“That either you are a hypocrite or that you intend to bear cost of destroying the Holy Throne yourself.” Maak said, unafraid of offending me.

“I can’t claim I’m not a hypocrite sometimes, but in this case it’s the latter of those options.” I said.

“And how will you accomplish these miracles?” Colten asked. He’d seen what Way had done first hand but what I was talking about went far beyond that.

“I’m going to talk to him.” I said.

“You’re going to talk the Most High Emissary of the Holy Throne to death?” Colten asked. “Grida, you know I trust your judgment. More than I trust my own. But this is madness isn’t it?”

“It is madness, but not the kind you think.” I said. “I’m not from this world. Healer Grida, you worked that out yesterday didn’t you?”

“Yes.” she said. She was still as stone but her body language was all defensive.

“Was it when you saw me healing the Pastor?” I asked.

“No, though that confirmed it. It was when I went to the battle site. Sir Way’s sigil is like nothing I’ve ever seen, but it was the Cauldron that you sank into to the earth that gave me the clue.” she said.

“The cauldron? You didn’t unearth it did you?” I asked. It wouldn’t work unless someone followed the proper rituals but they were pretty easy to figure out.

“No. I couldn’t. My magics couldn’t affect it. But yours could. I tried to study it but what I saw…”, she swallowed, forcing back disgust before resuming. “That thing should not be. ”

“You’re right. And she’s right to be concerned. “ I said addressing Colten briefly before turning back to Grida, “What you saw in the cauldron? That’s a part of me as well. It’s something that has no place in this world or any other. I carry that emptiness within me because of a rash decision I made, but it’s not all that’s within me.” I said.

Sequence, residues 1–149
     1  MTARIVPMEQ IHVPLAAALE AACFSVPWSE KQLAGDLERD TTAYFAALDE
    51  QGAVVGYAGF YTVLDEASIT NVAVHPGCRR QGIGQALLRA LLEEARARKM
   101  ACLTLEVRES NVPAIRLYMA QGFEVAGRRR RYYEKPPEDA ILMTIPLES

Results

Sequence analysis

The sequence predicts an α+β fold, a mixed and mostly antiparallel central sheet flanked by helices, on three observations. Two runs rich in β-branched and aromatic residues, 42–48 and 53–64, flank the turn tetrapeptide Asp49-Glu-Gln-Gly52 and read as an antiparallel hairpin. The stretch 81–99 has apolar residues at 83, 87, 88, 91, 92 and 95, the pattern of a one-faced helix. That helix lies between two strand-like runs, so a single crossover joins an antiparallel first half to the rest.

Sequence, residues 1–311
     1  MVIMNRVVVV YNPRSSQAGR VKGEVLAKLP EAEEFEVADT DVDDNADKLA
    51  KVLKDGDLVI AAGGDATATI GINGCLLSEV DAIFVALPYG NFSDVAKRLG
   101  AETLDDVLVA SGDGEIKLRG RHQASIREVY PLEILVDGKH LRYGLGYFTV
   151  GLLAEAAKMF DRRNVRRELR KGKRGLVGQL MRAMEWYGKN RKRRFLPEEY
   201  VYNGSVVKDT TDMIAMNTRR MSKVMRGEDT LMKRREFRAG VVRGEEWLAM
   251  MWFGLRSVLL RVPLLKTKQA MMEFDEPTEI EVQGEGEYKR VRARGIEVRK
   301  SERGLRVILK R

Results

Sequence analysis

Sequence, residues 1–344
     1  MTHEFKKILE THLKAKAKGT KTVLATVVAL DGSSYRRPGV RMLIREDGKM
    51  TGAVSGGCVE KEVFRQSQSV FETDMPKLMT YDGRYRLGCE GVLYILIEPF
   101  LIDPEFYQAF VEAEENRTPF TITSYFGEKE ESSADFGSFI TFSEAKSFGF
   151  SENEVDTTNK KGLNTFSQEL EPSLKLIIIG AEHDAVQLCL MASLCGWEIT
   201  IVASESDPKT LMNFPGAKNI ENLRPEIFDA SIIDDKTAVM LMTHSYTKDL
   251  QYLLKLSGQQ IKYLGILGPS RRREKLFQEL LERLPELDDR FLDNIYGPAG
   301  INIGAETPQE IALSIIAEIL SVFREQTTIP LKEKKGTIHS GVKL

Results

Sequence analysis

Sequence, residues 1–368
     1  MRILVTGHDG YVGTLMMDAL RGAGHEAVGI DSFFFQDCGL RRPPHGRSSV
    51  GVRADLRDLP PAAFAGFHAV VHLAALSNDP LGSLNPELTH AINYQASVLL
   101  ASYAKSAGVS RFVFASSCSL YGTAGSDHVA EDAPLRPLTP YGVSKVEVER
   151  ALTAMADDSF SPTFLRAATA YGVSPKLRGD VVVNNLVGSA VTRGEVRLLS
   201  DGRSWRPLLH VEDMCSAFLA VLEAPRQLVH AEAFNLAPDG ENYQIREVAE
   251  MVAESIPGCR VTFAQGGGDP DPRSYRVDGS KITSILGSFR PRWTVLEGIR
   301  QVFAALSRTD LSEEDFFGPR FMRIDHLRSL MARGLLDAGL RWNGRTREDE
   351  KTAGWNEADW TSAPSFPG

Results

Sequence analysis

“What are you.” she asked.

“I am a sixteen year old girl. I’m a grandmaster cleric with more skill at spellcraft than any cleric who has ever lived. I’m warrior who can fight any two men alive and come out unharmed. And I’m a student who’s supposed to be studying for her exams but was kind of planning to goof off for a few weeks and take it easy in a quiet little seaside town until everything almost literally went to hell.”

“But what are you?” Grida pressed.

I hestitated. I didn’t want to have to explain any more. I didn’t want to risk awakening anyone else. Not when they’d be faced with the same choice that Kari was. Not when there was a chance that I wouldn’t be able to be there for them. Not when they might turn out to the kind of monster that I saw lurking in the mirror when I was feeling at my lowest.

“She’s a child Grida. A powerful one maybe, but you told me yourself that she wasn’t wearing any illusions. She’s not any older than we were when we first set out.” Colten said.

“I said she hadn’t cast any illusions from the Seventh Dominion on herself. That doesn’t mean what we’re seeing here is real.” Grida replied to Colten and then turned back to me again. “What are you.”